Pakistan is grappling with a surge in poliovirus cases, with Interim Health Minister Dr. Nadeem Jan shedding light on the current situation and the challenges ahead. As of now, Pakistan has reported a total of five poliovirus cases in 2023, including cases in Peshawar, Bannu, and Dera Bugti.
Pakistan’s polio eradication efforts have encountered a setback, as the nation recorded two new positive samples just a day after the detection of the third case of the year. This alarming increase has put health authorities on high alert, prompting a reevaluation of existing strategies.
Dr. Nadeem Jan emphasizes that a significant 90% of the poliovirus cases in Pakistan are “imported from Afghanistan.” This highlights the cross-border nature of the issue, underscoring the need for regional cooperation in the battle against polio.
Sewage samples collected from Dera Bugti in Balochistan and Peshawar have tested positive for the poliovirus, displaying a genetic strain similar to that found in Afghanistan. This similarity further emphasizes the interconnectedness of the two countries’ polio challenges.
Currently, Pakistan and Afghanistan are the only two countries where the polio virus remains endemic, posing a persistent threat to global health. Eradicating the virus from these regions is crucial to the worldwide effort to eliminate polio.
The transmission of wild poliovirus is primarily limited to seven districts in southern Khyber Pakhtunkhwa, including Tank, Bannu, North Waziristan, South Waziristan Upper, South Waziristan Lower, Dera Ismail Khan, and Lakki Marwat. A recent World Health Organization (WHO) report in August 2023 revealed that all reported cases since January were from these very districts.
In response to the escalating crisis, the government has launched a five-day polio vaccination drive targeting approximately 44 million children aged 0-5 years. This monumental effort involves the participation of around 350,000 dedicated polio workers who are working tirelessly to vaccinate children and curb the spread of the virus.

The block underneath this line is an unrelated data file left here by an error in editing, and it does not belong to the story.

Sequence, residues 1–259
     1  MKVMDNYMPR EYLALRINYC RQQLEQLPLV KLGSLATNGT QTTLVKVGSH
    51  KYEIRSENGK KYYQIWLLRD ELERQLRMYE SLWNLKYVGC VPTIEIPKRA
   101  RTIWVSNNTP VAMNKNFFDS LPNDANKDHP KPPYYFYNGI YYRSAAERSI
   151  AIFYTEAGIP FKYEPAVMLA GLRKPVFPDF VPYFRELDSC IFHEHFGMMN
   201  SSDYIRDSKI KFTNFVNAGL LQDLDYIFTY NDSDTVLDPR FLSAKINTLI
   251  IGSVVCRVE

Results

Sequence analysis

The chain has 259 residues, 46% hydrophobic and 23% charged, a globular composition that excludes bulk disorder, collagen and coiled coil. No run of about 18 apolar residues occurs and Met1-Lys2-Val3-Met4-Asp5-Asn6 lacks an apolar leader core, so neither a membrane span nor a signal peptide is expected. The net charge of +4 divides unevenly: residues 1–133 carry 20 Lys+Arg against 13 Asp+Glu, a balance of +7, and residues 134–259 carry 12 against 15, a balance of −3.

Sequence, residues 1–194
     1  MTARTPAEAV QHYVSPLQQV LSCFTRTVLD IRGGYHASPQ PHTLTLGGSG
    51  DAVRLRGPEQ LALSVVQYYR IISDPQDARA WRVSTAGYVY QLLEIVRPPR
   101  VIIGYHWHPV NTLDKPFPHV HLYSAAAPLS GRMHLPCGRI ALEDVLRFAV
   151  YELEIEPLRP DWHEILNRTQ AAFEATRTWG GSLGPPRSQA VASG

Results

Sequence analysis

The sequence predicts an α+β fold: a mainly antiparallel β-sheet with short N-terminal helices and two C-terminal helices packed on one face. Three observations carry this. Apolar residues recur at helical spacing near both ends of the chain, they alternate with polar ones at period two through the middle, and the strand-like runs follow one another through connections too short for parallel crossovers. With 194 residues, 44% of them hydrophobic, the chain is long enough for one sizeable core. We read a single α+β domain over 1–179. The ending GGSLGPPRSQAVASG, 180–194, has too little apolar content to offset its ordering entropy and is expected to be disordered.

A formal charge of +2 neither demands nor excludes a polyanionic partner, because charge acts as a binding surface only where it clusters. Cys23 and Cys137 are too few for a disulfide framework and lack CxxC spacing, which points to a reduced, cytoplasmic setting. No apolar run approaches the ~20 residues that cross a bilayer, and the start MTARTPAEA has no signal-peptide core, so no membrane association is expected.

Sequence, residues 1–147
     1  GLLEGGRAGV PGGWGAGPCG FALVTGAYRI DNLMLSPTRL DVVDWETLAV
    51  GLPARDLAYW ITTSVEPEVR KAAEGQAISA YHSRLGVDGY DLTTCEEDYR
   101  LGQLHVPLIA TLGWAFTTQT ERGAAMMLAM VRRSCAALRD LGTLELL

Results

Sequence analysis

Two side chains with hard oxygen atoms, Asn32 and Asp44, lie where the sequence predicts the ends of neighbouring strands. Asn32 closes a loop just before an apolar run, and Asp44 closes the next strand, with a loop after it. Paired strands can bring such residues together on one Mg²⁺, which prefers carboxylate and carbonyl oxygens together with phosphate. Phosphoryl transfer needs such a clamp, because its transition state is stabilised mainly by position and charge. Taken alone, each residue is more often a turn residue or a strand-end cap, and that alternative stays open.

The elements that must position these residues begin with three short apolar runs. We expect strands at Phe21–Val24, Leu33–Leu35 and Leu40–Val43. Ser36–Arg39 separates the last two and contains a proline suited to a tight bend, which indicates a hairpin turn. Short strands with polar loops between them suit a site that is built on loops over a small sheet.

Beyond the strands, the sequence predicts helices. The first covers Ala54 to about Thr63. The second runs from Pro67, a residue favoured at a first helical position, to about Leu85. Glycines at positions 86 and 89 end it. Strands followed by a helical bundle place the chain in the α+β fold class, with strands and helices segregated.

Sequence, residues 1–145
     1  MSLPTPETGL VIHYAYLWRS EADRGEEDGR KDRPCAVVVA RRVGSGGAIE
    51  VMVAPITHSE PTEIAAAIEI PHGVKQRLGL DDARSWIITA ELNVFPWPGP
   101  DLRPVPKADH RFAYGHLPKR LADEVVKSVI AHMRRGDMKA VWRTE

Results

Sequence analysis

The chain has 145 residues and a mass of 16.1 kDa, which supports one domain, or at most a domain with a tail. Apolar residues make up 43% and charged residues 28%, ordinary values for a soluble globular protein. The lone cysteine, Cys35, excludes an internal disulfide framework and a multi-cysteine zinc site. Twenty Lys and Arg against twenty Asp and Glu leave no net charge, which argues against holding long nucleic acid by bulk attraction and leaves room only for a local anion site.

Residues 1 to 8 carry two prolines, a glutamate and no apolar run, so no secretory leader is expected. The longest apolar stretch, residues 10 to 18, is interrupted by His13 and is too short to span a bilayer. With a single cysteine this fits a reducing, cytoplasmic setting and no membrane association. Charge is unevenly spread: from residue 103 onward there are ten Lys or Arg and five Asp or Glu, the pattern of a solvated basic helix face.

Dr. Jan emphasizes the critical need for vaccination, warning that without it, the imported virus may become a persistent problem in Pakistan. Surveillance and vaccination remain the linchpin of the nation’s efforts to combat polio.
Addressing concerns beyond polio, Dr. Jan also highlights the government’s efforts to combat the circulation of fake medicines. A system to check barcodes is being implemented to ensure the authenticity of medicines. While challenges persist in the implementation, the government is resolute in its determination to eliminate counterfeit drugs, prioritizing public health.
In a brief reference to political matters, Dr. Jan assures the public that the health ministry will adhere to the law and constitution regarding the return of former Prime Minister Nawaz Sharif. This commitment to legal and constitutional processes underscores the government’s dedication to maintaining order and stability in the nation.
Pakistan is facing a critical juncture in its battle against polio, with increasing cases demanding immediate and concerted action. Dr. Nadeem Jan’s insights shed light on the challenges and measures in place to protect the nation’s children from this debilitating disease. It is now more crucial than ever for Pakistan and its neighbors to work together to eradicate polio once and for all, ensuring a healthier future for all.